Annette Hacker, director,
Office: (515) 294-4777
Jill Euken, Bioeconomy Institute, (712) 769-2600, jeuken iastate.edu
Mike Krapfl, News Service, (515) 294-4917, email@example.com
Point/Counterpoint: Speakers debate development of a bioeconomy
AMES, Iowa -- Ted Crosbie thinks corn has more than a decade as the primary feedstock for biofuel production in the United States. G. David Tilman would like to see a long-term switch to a mix of non-food crops feeding the biofuels industry.
Both will make their points and counterpoints during the annual Biobased Industry Outlook Conference Sept. 8-9 at Iowa State University. This year's conference -- "Growing the Bioeconomy: From Foundational Science to Sustainable Practice" -- will feature a morning-long session of prominent speakers debating three major issues facing a growing bioeconomy that's based on producing fuels, chemicals and other products from plants rather than petroleum.
The point/counterpoint session will be 8 a.m. to 12:30 p.m. Monday, Sept. 8, in Iowa State's C.Y. Stephens Auditorium. Registration information is here.
One segment will feature Crosbie and Tilman addressing the food versus fuel debate. Should some corn be diverted from food production to fuel production? Can corn ethanol give us enough new energy to matter? Does it reduce or increase greenhouse gas levels? Are there economical alternatives to producing fuel from corn? Can farmers produce enough grain or biomass feedstocks to meet all the demand? What makes the most sense?
Crosbie, vice president of global plant breeding for Monsanto Co. and a member of the board advising Iowa State's Plant Sciences Institute, said corn-based biofuel has obvious benefits compared to current alternatives for United States agriculture. Farmers know how to efficiently grow, harvest and transport the crop and there are industrial-scale technologies to convert the grain into ethanol.
Tilman, Regents Professor and McKnight Presidential Chair in Ecology at the University of Minnesota in the Twin Cities, countered that thorough analyses show that these conversion technologies use so much energy and release so much greenhouse gas that society is better off burning gasoline rather than corn ethanol.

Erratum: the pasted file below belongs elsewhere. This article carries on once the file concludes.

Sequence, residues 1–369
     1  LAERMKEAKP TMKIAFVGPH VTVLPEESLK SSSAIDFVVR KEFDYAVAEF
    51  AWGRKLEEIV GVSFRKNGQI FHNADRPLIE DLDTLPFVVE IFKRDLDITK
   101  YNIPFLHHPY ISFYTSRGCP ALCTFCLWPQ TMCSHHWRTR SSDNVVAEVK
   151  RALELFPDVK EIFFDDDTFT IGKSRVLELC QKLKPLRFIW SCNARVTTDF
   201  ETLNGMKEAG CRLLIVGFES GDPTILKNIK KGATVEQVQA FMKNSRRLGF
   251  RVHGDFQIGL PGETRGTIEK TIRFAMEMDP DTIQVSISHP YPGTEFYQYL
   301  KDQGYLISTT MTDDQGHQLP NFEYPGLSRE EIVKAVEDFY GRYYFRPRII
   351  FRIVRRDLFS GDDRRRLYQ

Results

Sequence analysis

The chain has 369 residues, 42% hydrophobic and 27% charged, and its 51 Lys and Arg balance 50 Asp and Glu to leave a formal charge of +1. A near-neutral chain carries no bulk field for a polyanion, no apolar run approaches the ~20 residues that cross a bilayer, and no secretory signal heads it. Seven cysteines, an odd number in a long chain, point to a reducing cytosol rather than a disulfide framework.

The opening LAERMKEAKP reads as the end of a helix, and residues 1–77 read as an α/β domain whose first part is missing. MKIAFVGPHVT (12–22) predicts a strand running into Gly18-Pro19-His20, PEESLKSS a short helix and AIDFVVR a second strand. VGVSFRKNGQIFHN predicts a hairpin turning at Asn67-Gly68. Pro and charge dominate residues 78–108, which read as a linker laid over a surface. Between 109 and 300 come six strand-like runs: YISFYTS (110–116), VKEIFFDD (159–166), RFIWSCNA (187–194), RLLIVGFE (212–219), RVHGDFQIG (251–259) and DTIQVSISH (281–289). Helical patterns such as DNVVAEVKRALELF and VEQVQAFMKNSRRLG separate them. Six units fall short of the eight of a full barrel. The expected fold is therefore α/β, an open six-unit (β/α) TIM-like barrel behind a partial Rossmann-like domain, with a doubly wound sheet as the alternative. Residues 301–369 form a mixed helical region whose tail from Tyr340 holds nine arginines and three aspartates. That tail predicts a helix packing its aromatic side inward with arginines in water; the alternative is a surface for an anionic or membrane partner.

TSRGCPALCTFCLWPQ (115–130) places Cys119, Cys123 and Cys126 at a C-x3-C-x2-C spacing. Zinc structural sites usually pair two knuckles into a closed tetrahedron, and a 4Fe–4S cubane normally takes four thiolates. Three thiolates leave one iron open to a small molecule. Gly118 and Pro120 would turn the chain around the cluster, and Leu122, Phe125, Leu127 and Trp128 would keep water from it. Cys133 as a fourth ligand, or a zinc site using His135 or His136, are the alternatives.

Crosbie also said plant science and production advancements will double today's corn yields by 2030. That will mean there's more corn for food and fuel production. And it could mean the best fields will produce enough grain that marginal farmland could be set aside for prairie grasses and other perennial biomass crops.
Tilman said the global demand for grains is likely to double or even triple in the coming 50 years, and that any corn diverted to an inefficient biofuel forces other nations to clear native ecosystems to grow more grain. Land clearing releases so much greenhouse gas that across the globe corn ethanol may release twice as much greenhouse gas as gasoline.
Tilman said that biofuels should be made from feedstocks that can be grown on infertile and degraded lands no longer suitable for food crops if biofuels are to provide much new energy and significant greenhouse gas advantages. The large-scale conversion of food into liquid transportation fuels will make the price of food equal to its energy value of about $120 a barrel for oil. He said that will raise the price of food and harm the poorest two billion people on earth.